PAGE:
VOICE members took part in a scoping focus group on 27th October 2017 to discuss their attitudes towards Data Sharing. Data Sharing refers to research data being given to other researchers who may perform further, secondary research. The focus group was ‘scoping’ in nature as it was being used as a tool to determine whether themes previously identified by the researcher in a systematic review (of the available literature on participant’s attitudes towards data sharing (Howe et al., 2018)) were also identified using a ‘real’ sample of participants.
In the focus group VOICE members discussed data sharing amongst themselves, loosely following a topic guide constructed by the researcher. Their input was valuable in determining whether the literature around participant’s attitudes towards data sharing was reflective of individuals’ views in other settings.
The focus group transcripts were imported into software used for qualitative research (NVivo Version 10) and a brief thematic analysis was conducted to identify key themes. Four main themes were identified; 1) The Nature of Data Today (encompassing data security, linkage, legislation and sharing with commercial bodies), 2) How to Maintain Privacy Ethically (including anonymisation, ethics committees and the consent process), 3) Different Users Different Trust (referring to the differing levels of trust in different institutions), and 4) How Sharing Affects Me (exploring how data sharing has the potential to cause harm, but also to benefit the individual and society). There was a large degree of corroboration between the themes identified in the Systematic Review and those identified in the Scoping Focus group, with many of the same issues being discussed by participants.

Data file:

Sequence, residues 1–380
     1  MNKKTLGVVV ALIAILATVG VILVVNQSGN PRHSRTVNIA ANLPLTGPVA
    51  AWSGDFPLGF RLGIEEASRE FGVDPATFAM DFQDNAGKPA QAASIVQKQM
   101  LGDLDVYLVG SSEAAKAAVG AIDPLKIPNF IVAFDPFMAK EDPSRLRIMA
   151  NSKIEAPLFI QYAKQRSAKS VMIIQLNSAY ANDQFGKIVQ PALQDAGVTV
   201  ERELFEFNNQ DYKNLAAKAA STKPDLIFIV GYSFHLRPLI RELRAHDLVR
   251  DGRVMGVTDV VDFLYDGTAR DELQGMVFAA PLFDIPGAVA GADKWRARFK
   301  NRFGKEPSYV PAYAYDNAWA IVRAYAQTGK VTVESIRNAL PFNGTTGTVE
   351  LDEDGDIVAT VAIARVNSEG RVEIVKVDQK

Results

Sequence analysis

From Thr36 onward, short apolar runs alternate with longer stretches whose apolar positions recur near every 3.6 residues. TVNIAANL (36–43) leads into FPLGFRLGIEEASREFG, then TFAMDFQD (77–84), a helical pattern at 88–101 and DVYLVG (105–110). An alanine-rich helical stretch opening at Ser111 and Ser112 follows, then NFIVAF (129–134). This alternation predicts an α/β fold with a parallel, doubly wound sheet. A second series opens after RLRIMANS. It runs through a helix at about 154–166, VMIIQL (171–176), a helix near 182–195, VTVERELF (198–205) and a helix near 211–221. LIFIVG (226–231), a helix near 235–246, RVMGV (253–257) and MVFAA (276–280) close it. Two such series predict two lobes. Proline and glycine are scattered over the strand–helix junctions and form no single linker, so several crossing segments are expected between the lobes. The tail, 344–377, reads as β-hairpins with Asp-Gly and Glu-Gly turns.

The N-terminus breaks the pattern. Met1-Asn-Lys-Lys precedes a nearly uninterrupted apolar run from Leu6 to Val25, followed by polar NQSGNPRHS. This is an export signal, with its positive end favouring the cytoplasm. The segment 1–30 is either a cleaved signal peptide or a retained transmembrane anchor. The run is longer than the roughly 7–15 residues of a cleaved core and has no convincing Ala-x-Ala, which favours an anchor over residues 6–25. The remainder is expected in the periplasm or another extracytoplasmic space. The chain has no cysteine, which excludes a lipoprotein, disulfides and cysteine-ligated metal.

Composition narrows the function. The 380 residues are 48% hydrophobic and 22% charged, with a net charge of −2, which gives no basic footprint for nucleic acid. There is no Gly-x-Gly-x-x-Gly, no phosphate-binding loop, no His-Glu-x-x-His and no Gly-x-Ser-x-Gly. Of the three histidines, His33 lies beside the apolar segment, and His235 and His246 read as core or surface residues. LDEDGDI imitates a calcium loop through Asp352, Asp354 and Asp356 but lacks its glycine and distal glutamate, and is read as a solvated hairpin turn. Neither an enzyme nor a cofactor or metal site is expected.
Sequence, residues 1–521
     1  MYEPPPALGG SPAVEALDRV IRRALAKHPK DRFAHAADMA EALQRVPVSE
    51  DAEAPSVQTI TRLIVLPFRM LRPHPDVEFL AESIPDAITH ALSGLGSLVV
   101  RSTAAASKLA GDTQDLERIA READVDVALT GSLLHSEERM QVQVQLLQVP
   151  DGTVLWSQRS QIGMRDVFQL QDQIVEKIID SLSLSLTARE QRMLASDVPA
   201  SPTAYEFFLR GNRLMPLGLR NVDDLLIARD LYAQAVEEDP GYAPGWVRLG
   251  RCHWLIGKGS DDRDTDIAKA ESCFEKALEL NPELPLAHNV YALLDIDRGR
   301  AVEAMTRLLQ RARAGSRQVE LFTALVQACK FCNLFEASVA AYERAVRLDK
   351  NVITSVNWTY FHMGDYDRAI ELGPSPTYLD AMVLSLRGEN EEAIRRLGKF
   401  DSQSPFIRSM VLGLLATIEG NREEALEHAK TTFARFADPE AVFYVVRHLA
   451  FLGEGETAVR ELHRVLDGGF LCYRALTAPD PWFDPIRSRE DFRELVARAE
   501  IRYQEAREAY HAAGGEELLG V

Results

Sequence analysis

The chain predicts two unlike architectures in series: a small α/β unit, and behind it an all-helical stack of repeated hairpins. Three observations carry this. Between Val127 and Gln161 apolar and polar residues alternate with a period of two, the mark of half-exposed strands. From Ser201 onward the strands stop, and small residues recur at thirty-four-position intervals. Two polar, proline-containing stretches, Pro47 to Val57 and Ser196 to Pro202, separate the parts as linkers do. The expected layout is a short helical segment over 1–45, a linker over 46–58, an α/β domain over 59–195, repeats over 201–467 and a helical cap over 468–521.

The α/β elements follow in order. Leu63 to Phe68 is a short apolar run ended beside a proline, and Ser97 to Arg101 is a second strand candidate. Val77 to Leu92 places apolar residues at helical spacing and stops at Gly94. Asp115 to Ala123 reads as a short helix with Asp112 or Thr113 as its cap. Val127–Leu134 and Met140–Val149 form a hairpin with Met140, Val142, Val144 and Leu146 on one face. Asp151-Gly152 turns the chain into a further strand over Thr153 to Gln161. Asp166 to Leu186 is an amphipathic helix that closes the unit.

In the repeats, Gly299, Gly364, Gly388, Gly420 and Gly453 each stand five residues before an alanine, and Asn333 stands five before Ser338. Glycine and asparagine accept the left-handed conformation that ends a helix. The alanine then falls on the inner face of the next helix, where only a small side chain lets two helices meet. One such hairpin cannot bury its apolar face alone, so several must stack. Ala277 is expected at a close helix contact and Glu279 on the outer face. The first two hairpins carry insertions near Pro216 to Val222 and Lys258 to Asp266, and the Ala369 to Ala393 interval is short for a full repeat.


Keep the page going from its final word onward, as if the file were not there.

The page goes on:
The themes identified during the focus groups will be used to inform development of a questionnaire for the next stage of the researchers PhD project. Each theme identified by VOICE participants will be included in the questionnaires. It is intended that the language and expression used by participants in the scoping focus group will also be reflected in the questionnaire questions, ensuring they are in language that participants will relate to. The questionnaires will attempt to determine attitudes of a larger and potentially more diverse population of participants. It is hoped that the outcome of this research overall is a successful PhD thesis, but also a body of evidence for funders or researchers regarding participants attitudes towards data sharing, which could be incorporated into policy or best practice.
Howe, N., Giles, E., Newbury-Birch, D. and McColl, E. (2018) 'Systematic review of participants’ attitudes towards data sharing: a thematic synthesis', Journal of Health Services Research & Policy, 23(2), pp. 123-133.